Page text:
Thursday, April 10, 2008

Apples Are From Kazakhstan

Apples Are From Kazakhstan, by Christopher Robbins
$16.32 in the Hansisgreat Store
ISBN: 978-0-9777-433-84
This is an exciting new travel memoir that caught me totally by surprise. Kazakhstan is larger than all of the nations of western Europe combined, yet it's almost completely unknown to the rest of the world. 
It wasn't always this way. In fact, Kazakhstan has often had an important role on the world stage. Many of its towns have been occupied since ancient times, and were critical staging posts on the famous Silk Road, the route which supplied Chinese silk to the Roman Empire.
In the nineteenth century, it became part of the Russian empire. 
Russian czars closed the country to foreigners, a policy which remained in place under the Soviets. Today, the Kazakhs have independence, which for various reasons has proved to be a mixed blessing. It also controls a significant portion of the Caspian Sea, which is estimated to contain a quarter of the world's remaining oil reserves.
This book doesn't delve too heavily into the nation's history. The author spent a considerable amount of time there, and focuses more on the culture and his interactions with the natives.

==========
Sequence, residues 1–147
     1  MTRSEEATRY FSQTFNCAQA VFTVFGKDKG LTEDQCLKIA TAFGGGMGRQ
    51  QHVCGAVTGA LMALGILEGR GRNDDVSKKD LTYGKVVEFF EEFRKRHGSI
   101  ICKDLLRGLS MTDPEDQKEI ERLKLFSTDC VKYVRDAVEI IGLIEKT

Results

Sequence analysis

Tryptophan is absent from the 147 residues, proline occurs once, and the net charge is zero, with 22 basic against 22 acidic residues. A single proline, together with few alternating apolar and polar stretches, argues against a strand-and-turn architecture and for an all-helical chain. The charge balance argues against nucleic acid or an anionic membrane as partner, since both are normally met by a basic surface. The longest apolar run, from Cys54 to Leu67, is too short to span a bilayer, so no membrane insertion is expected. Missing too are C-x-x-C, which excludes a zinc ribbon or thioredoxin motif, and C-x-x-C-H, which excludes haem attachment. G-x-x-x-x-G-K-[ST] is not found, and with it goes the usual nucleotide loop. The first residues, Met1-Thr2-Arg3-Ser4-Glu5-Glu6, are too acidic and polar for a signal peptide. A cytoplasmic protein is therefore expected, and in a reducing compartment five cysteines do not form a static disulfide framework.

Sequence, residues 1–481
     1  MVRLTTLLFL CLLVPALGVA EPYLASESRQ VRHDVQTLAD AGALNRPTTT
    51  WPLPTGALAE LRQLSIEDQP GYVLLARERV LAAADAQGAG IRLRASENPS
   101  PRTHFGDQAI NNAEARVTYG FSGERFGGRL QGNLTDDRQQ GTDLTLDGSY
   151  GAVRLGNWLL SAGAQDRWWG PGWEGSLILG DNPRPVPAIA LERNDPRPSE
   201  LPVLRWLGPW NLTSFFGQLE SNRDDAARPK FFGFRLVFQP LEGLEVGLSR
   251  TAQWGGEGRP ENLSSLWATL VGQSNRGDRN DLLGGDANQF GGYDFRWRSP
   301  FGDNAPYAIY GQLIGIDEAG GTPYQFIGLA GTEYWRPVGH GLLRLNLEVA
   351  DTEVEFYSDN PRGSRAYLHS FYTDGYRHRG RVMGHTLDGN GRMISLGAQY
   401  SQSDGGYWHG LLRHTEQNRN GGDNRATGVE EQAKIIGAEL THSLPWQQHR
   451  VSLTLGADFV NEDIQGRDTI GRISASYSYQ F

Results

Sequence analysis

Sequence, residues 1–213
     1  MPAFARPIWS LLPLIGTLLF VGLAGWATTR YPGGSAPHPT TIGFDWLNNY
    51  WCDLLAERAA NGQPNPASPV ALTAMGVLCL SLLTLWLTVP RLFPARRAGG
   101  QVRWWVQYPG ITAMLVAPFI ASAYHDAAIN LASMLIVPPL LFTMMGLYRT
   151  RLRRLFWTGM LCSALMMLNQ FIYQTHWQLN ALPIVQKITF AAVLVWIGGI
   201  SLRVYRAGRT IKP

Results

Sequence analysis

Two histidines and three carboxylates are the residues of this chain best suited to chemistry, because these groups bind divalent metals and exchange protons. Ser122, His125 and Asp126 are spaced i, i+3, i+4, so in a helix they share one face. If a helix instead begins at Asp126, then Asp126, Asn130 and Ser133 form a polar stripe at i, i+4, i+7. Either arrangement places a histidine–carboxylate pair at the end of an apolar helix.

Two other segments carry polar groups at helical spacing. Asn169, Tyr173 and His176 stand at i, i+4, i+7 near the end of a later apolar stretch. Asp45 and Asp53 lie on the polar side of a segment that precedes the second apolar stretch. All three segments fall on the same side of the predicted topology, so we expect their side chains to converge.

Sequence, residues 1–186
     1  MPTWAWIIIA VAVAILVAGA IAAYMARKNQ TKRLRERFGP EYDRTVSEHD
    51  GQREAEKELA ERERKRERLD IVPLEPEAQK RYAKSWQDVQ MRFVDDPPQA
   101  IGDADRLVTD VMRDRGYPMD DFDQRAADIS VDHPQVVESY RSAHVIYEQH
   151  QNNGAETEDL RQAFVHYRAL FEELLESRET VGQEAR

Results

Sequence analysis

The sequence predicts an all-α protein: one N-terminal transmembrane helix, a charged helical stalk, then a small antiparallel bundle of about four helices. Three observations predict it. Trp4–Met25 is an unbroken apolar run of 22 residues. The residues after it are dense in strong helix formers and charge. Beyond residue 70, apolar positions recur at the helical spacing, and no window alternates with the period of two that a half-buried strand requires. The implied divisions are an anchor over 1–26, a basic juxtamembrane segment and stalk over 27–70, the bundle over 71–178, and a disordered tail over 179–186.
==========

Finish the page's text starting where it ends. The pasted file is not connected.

Apples were indeed first farmed here, a fact discovered by one Nikolai Vavilov, the country's most famous scientist. He traveled over five continents, and identified the birthplace of more plants than anyone else in history. Sadly, this brilliant geneticist was arrested as a supposed traitor under the Soviet shadow government, and died of starvation in prison.
The author also visits sites associated with Leon Trotsky, a key figure in the creation of the Soviet Union. Trotsky was later unseated and expelled by the ruthless Joseph Stalin.
In spite of centuries of bullying by its more powerful neighbors, the people of Kazakhstan seem optimistic and inviting to visitors. After reading Robbins' book, I don't think I'll be booking a trip for myself just yet, but I'm still awed by the spirit and accomplishments of this neglected and mistreated nation.
There are a lot of fun anecdotes, the type that make travel stories a thrill to read, and it's informative to learn about one of the mysterious and misunderstood patches at the edge of the map.

No comments: